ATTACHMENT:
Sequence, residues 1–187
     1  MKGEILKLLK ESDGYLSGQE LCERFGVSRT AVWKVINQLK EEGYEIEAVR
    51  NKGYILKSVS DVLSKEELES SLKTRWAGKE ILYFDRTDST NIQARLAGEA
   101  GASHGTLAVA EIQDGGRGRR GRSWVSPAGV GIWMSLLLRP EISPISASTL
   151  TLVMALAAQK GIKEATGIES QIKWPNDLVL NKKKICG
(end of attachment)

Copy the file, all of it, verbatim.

Sequence, residues 1–187
     1  MKGEILKLLK ESDGYLSGQE LCERFGVSRT AVWKVINQLK EEGYEIEAVR
    51  NKGYILKSVS DVLSKEELES SLKTRWAGKE ILYFDRTDST NIQARLAGEA
   101  GASHGTLAVA EIQDGGRGRR GRSWVSPAGV GIWMSLLLRP EISPISASTL
   151  TLVMALAAQK GIKEATGIES QIKWPNDLVL NKKKICG